American Family Enterprises, which runs a sweepstakes plugged by Dick Clark and Ed McMahon, filed for bankruptcy protection to help it settle dozens of lawsuits alleging deceptive advertising over its sweepstakes. American Family also announced that it had reached an agreement in principle to settle several dozen class-action lawsuits consolidated in Newark.
Toshiba said it will take a $1.05 billion charge to settle a U.S. class-action lawsuit that accused the world's largest maker of notebook computers of selling defective PCs. Two owners of Toshiba PCs filed suit in Beaumont, Tex., alleging that software in the company's floppy disk controllers could cause data to be lost or damaged. As many as 5 million PCs containing the controllers have been shipped. The Tokyo company said it agreed to settle the suit even though no consumer complained of losing data as a result of the glitch.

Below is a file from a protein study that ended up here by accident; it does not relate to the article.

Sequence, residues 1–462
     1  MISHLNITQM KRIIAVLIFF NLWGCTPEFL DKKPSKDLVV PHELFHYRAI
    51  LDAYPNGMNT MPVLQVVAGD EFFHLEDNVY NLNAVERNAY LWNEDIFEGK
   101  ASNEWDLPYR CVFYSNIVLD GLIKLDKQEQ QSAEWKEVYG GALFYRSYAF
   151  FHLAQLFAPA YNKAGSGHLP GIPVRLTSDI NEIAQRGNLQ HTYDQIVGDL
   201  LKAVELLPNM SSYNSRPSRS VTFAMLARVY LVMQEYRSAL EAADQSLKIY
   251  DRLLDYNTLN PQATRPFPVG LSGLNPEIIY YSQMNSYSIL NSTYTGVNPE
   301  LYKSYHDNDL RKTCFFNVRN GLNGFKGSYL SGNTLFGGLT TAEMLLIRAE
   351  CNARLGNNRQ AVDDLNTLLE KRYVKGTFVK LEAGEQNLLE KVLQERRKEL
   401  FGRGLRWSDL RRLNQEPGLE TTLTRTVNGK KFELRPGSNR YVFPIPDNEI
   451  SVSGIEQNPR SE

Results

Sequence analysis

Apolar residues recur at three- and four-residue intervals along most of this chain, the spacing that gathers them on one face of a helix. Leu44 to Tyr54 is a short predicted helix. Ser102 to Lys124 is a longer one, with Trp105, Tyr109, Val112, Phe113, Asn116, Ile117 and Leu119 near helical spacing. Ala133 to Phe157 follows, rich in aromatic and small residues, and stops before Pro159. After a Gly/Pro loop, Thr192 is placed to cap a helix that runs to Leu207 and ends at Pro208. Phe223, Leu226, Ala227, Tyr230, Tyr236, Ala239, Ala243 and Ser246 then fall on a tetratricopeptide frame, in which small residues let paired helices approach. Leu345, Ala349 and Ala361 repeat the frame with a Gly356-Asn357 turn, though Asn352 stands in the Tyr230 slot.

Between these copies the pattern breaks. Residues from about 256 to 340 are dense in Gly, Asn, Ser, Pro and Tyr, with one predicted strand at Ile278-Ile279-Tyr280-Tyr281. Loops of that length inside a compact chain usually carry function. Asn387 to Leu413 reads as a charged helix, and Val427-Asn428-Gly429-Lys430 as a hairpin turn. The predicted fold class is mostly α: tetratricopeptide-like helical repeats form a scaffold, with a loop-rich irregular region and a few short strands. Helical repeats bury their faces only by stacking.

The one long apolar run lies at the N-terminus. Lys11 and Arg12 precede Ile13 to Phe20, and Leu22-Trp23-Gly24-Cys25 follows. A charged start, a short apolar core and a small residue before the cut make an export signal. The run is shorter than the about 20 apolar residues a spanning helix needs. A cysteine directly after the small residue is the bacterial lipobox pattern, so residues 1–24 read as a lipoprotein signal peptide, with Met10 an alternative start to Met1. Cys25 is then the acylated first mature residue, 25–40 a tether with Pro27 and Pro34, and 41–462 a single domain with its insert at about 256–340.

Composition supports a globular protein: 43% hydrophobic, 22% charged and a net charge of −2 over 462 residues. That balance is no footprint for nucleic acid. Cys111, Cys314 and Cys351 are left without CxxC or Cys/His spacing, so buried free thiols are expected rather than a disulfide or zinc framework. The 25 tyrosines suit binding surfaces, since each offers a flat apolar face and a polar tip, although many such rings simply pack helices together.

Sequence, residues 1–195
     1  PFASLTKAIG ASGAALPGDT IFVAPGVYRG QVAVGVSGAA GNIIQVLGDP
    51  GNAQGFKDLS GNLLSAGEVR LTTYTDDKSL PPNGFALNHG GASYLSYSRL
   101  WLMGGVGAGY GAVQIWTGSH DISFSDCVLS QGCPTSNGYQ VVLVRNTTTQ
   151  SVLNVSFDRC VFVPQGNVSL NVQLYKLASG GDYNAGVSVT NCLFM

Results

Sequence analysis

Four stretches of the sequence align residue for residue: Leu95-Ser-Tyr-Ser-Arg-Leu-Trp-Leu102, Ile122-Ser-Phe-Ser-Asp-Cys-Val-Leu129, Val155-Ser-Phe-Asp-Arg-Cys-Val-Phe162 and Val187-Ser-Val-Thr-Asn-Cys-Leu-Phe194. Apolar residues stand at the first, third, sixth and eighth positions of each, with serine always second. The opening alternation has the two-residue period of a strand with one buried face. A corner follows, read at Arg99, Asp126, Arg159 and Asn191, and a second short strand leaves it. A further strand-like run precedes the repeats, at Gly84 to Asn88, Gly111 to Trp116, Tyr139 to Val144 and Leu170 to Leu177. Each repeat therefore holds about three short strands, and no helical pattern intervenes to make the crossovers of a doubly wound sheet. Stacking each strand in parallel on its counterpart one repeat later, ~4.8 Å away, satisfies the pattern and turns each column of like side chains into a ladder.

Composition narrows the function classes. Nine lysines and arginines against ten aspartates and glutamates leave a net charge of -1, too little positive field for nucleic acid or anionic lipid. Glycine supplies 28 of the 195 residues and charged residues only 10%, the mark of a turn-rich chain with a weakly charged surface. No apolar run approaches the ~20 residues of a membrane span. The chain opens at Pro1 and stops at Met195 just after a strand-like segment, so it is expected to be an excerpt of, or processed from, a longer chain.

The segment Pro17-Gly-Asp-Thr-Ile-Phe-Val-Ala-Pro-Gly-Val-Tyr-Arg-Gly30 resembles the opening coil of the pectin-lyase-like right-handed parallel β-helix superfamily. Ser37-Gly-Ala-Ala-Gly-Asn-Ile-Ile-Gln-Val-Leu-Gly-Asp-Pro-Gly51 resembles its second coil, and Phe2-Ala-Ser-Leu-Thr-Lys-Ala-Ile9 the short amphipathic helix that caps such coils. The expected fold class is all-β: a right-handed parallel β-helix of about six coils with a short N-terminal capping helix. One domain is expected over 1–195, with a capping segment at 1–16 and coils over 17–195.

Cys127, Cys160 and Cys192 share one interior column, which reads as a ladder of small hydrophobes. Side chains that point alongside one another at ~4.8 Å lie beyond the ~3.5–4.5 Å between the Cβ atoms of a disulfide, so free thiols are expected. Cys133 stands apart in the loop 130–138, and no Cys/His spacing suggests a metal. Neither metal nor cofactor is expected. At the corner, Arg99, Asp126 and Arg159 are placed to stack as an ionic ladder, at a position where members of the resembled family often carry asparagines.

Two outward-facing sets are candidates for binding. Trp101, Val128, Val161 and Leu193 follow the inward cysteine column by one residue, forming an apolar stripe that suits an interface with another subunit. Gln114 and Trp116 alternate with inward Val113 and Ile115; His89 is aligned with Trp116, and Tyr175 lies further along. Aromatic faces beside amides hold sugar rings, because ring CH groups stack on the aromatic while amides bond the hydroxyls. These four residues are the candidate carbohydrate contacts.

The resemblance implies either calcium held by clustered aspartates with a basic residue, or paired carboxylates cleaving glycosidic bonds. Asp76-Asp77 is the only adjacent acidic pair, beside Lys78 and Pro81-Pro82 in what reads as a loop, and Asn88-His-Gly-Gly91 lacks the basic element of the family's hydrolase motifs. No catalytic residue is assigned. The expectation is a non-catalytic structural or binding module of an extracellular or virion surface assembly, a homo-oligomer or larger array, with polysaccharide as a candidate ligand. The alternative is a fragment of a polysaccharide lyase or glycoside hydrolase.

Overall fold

Sales of single-family homes dropped 12.8 percent in September to a seasonally adjusted annual pace of 811,000 units, the Commerce Department said. That was much lower than the 948,000 annual pace forecast by economists and the lowest pace since the annual rate hit 791,000 units in December 1997. The department also revised August's sales downward to a pace of 930,000 units, previously reported as 983,000, and revised July to 934,000 units from 955,000.
Entropic, a closely held District-based maker of speech-recognition software, was bought by Microsoft. Entropic's D.C. headquarters will be closed and its engineers will either move to Microsoft's base in Redmond, Wash., or continue to work in Entropic's office in Cambridge, England. Entropic's founder and vice chairman, John Shore, and president and chief executive, Paul Finke, will leave the company.